Toronto Has Options Other than Toll Roads
TORONTO HAS OPTIONS OTHER THAN TOLL ROADS
If Toronto opened construction projects for competitive bids it could reduce the need for tolls by 50%
November 24, 2016
HAMILTON – Turning the Don Valley Parkway and the Gardiner Expressway into toll roads may raise revenue for infrastructure projects, but it leaves a major problem unsolved: Toronto taxpayers are paying too much for construction projects.
“Since the mid 1970s, Toronto has been paying a completely unnecessary premium on its construction projects,” said Brian Dijkema, Work & Economics Program Director at Cardus. “Because of an obscure section of the Ontario Labour Relations Act, the City of Toronto must restrict which companies are allowed to bid on city work to a small group of unionized Ontario companies.”
Cardus studied projects that were subject to this arcane rule. We found more than half a billion dollars worth of projects per year in Toronto are restricted from the fair, open, and competitive tendering rules that the rest of the province follows. International research indicates opening up city infrastructure projects to truly competitive bids leads to savings of up to a quarter of a project’s cost.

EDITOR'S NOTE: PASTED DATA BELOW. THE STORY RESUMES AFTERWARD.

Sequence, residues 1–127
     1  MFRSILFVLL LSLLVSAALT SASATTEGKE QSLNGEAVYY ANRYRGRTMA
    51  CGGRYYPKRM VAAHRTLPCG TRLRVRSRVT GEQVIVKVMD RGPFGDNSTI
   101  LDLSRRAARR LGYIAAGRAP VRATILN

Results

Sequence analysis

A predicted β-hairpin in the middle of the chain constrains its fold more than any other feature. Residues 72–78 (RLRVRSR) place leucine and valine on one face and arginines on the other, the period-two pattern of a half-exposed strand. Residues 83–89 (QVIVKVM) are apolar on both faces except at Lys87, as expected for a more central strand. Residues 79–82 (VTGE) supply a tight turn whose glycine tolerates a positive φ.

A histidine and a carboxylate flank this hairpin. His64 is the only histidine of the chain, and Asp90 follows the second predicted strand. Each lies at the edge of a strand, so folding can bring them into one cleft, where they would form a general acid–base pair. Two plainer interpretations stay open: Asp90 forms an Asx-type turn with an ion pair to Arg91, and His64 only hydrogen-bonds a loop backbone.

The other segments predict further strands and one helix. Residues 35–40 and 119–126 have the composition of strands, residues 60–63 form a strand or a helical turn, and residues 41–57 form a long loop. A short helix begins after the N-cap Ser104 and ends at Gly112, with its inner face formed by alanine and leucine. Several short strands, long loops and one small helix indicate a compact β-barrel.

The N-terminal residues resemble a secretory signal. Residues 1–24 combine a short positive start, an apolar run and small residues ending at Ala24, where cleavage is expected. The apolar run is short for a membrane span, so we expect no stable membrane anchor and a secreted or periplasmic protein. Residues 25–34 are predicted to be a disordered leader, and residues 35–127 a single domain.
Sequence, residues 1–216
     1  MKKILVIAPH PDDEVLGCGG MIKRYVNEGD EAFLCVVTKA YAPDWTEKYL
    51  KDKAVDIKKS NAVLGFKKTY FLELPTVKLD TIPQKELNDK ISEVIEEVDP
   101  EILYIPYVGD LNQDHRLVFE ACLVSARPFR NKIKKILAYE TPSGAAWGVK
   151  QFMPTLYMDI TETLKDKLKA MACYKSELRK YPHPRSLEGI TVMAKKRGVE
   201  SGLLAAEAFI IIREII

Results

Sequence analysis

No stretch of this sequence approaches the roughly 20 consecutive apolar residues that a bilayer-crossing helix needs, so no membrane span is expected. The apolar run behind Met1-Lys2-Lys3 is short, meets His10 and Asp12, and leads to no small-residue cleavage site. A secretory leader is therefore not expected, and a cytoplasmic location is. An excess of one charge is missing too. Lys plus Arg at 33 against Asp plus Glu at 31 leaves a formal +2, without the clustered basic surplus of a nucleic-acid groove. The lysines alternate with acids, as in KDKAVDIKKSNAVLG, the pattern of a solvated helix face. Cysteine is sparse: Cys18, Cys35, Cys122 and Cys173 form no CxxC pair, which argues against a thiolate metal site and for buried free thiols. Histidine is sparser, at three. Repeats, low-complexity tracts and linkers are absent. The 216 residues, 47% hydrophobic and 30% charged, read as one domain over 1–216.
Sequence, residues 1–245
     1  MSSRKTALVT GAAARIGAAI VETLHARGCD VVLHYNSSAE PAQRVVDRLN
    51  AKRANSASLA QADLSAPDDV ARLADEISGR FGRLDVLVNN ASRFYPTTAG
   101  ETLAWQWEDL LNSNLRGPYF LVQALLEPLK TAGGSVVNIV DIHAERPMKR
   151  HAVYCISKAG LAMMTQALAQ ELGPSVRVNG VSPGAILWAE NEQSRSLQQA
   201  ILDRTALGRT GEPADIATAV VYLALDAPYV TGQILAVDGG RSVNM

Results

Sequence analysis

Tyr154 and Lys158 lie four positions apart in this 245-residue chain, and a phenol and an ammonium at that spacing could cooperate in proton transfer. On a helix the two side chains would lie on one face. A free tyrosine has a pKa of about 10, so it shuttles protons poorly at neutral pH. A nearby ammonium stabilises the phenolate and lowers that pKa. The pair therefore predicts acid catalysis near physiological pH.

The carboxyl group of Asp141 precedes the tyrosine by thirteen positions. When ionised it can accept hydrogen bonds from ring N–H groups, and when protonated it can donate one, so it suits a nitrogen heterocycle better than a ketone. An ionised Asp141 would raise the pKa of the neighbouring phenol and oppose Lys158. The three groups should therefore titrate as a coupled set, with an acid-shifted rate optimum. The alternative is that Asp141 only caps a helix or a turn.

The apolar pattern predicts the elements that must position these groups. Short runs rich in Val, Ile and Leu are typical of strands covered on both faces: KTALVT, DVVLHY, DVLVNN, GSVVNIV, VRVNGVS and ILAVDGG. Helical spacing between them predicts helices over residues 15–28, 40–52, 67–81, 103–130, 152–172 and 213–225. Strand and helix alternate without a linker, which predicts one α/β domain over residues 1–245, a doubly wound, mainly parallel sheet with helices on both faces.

Toronto could have saved almost $150 million in 2012 alone – half of the $300 million the city wants to collect annually through highway tolls.
Opening Toronto’s construction to competition would be a huge step towards fairness for Torontonians and towards maintaining the mayor’s reputation as fiscally responsible. It means that the limited pool of money available to Toronto for infrastructure would go a lot further, and would have the happy benefit of keeping more money in the wallets of those driving the DVP and the Gardiner.
It’s time for Toronto to open up infrastructure projects to truly competitive bidding.
To arrange an interview with Brian Dijkema (DYE’-kuh-muh), contact Daniel Proussalidis, Director of Communications.
Cardus - Director of Communications
Cardus is a non-partisan think tank dedicated to clarifying and strengthening, through research and dialogue, the ways in which society's institutions can work together for the common good.